Collier (2012) developed the Acculturation Quick Screen to help evaluators recognized stressors in students and not label a child as troublesome. Learning cannot take place in isolation if schools are not providing full inclusion with role models and peers. Grindal & Nieri (2016) noted in their study that interaction with peers influence the immigrant child, which is an important social learning toward development of self-identities. She noted that school is where peer socialization takes place. These same issues apply to deaf children who are frequently isolated within mainstream schools and bullied by their hearing peers and labeled as “not normal” (Wolsey, Clark, van der Mark, & Suggs, 2017) . Therefore, decisions on education placement need to address the question of peer socialization for deaf and hard of hearing students.
Deaf people identify themselves as Deaf and shared a language, such as ASL. There is a need for language models and Deaf culture role models for students, irrespective of their school placement. Oliva (2004) suggested making parents more aware of the support their child needs in making adjustments toward a healthy self-identity. She also suggested more parent involvement in setting up social environments for deaf children, to include language models and to meet their cultural needs.
Language access for deaf students is a critical factor. To provide language access to deaf students, it is suggested that school administrators need to recognize deaf students as bilingual and reexamine their school language policy to adopt a bilingual policy that emphasizes both ASL and English. The school can also host events at their school that promote bilingual access. As most deaf students are from hearing families, teachers need to assume the role of language models for the students. Hence teachers need to be involved in Deaf-related events in and out of school so that they can understand and develop skills to support the acculturation needs of their students.
Members of the Individual Education Plan (IEP) committee need to be aware of the impact of “labels” on deaf or hard of hearing students, as they also affect their self-identity and acceptance of themselves as a whole being. Perhaps the reason these students accept a hearing identity as their true identity is that it is seen as healthier. According to the Gallaudet Research Institute 2007-08 Annual Survey of Deaf and Hard of Hearing Children and Youth (GRI, 2008) , 60% of deaf and hard of hearing students are in regular school settings with hearing students, and an additional 10% are in resource rooms in “regular” (with hearing children) school settings. Moore (2010) , former editor of the American Annals of the Deaf, noted that the inclusion movement established more than 60 years ago, assumed “disabled” children are best served through the process of “normalization.” Moore (2010) , like Olivia and Lytle (2014), found no evidence that placing deaf children in “hearing” classrooms resulted in improved academic achievement and social growth. Often the case with deaf children was that they were isolated and the school system made no attempt for real inclusions.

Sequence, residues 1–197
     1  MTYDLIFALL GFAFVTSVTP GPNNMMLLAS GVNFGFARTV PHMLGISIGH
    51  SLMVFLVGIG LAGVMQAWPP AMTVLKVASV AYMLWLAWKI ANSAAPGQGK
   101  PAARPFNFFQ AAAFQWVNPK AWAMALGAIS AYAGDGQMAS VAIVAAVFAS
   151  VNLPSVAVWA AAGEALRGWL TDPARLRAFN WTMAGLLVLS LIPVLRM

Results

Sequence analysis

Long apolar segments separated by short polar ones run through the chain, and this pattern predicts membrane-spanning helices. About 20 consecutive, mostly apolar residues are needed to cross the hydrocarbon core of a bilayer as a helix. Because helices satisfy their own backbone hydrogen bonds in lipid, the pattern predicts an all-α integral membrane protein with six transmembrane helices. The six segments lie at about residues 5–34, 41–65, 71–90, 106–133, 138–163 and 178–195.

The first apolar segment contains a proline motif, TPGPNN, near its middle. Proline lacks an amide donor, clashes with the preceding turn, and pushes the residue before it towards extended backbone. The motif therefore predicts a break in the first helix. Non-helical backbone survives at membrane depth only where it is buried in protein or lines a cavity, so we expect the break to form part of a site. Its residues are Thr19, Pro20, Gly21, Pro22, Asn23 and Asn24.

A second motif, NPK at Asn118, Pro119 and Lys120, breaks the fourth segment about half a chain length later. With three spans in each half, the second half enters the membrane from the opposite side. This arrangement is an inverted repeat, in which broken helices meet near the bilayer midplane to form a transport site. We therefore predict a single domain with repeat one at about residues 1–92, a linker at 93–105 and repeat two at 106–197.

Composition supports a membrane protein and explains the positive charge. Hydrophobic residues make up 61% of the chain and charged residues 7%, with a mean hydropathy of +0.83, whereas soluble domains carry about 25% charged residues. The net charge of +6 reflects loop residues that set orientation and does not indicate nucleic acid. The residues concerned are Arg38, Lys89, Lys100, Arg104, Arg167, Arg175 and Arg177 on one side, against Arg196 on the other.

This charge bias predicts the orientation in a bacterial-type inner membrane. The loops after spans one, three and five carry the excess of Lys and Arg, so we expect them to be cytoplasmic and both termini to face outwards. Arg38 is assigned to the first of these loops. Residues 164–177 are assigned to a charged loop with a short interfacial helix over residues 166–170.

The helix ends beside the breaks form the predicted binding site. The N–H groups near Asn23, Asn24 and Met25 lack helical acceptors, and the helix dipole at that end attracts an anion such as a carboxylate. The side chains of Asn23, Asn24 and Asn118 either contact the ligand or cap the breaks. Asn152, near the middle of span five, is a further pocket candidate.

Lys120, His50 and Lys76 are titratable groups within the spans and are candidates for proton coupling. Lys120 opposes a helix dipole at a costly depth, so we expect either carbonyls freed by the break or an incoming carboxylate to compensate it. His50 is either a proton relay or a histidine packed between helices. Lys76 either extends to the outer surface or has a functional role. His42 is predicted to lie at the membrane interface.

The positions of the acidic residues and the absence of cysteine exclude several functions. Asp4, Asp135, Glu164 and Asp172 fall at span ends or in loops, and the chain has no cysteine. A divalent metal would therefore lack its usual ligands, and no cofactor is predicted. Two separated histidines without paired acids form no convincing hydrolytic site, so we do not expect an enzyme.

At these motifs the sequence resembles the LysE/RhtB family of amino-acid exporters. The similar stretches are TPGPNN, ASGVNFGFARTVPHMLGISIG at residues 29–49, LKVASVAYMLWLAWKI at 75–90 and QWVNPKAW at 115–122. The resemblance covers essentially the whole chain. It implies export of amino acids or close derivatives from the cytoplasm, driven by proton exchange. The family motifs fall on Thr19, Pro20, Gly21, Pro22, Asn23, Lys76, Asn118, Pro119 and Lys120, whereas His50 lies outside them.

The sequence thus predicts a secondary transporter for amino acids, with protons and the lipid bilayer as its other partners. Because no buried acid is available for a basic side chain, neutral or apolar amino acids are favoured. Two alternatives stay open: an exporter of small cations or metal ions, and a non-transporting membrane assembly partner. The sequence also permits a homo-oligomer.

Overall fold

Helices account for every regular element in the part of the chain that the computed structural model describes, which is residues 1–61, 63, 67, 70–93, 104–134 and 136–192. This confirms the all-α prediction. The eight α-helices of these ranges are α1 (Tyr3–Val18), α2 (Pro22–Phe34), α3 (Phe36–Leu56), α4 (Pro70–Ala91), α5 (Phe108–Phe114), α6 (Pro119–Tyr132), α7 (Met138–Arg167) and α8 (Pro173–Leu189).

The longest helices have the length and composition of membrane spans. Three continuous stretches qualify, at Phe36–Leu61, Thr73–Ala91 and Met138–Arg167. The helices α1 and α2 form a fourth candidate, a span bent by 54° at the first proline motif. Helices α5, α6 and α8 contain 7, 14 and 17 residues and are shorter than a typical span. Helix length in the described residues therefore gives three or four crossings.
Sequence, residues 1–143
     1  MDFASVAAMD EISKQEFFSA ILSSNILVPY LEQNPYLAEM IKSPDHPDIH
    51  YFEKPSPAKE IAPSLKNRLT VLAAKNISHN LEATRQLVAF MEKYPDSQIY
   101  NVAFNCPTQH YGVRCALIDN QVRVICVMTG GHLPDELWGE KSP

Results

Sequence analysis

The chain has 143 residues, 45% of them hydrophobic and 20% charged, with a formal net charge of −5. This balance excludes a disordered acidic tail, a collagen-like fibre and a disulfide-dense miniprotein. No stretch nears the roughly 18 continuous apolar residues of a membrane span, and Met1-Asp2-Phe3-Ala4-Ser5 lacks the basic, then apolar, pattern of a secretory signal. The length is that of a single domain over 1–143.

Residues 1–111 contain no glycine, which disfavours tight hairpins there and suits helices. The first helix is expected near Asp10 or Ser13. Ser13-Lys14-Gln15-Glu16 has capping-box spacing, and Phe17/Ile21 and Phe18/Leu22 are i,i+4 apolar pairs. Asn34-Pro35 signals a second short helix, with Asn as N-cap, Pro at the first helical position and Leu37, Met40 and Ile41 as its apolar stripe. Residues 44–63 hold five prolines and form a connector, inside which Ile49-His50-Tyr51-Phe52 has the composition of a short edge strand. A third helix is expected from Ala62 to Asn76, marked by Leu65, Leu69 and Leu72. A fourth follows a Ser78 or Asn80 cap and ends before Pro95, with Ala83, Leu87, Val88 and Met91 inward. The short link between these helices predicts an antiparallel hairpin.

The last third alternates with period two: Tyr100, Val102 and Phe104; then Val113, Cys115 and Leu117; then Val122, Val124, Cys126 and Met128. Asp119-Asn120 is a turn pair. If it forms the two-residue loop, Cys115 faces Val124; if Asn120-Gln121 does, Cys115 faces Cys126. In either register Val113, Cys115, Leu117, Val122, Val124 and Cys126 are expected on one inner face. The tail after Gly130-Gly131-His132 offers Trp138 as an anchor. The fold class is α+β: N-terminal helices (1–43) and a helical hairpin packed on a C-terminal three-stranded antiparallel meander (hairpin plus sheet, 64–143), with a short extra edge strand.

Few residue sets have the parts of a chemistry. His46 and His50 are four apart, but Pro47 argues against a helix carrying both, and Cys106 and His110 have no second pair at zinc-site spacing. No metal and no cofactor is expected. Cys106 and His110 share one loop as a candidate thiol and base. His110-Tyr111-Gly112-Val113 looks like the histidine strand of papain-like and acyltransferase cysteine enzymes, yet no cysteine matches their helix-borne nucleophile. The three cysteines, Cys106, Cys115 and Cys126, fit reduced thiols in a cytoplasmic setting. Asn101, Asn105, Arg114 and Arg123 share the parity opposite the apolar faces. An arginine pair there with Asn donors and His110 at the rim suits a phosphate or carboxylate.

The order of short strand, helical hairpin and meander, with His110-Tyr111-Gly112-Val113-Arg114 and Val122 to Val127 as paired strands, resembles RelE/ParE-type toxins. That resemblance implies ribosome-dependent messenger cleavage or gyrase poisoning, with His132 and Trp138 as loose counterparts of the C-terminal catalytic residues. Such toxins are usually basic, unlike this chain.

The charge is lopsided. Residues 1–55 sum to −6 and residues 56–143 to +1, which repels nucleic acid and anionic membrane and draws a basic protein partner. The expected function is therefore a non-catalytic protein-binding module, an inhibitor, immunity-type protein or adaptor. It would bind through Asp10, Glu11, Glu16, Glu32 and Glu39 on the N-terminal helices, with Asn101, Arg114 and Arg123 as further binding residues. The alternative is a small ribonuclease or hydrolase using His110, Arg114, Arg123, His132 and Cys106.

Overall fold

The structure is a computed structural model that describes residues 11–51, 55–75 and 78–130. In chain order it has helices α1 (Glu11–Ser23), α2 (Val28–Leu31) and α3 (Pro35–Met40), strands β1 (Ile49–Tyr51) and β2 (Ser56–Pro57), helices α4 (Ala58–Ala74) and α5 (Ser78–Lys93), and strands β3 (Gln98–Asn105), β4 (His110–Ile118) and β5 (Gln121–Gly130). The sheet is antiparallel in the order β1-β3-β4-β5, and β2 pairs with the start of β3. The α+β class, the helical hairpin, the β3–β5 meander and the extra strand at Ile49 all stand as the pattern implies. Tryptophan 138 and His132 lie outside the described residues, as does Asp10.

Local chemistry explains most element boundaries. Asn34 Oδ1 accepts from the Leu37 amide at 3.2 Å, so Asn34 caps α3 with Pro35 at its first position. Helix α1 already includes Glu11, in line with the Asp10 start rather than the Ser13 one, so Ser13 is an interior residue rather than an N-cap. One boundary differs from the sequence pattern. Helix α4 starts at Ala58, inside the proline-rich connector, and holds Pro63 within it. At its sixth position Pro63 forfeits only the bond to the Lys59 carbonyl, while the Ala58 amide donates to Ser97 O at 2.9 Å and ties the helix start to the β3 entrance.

The Government Accountability Office (U.S. Government Accountability Office, 2011) reported that there are 78,000 deaf or hard of hearing children in United States as of their 2008 count, which is the last count available. These students in the beginning in the mid 1970’s to 1980’s were placed in “self-contained” classrooms with a special teacher trained to work with them. This system gave way to those children placed in regular classroom and the special trained teachers as itinerant positions (Oliva & Lytle, 2014) . This type of placement may not be the most effective type of schooling for many, if not most, deaf and hard of hearing children.
3.3. Recommendations for Future Research
There is a need for qualitative studies that involves interviews to collect and document the acculturation experiences of deaf and hard of hearing college students. More research is recommended to see how deaf and hard of hearing students express their own acculturation process. Moreover, more research is needed to study how deaf or hard of hearing students perceive themselves when placed in inclusion settings. This type of information may help us understand how they experienced their acculturation process. The need to socialize may be the critical factor in deaf student acculturation.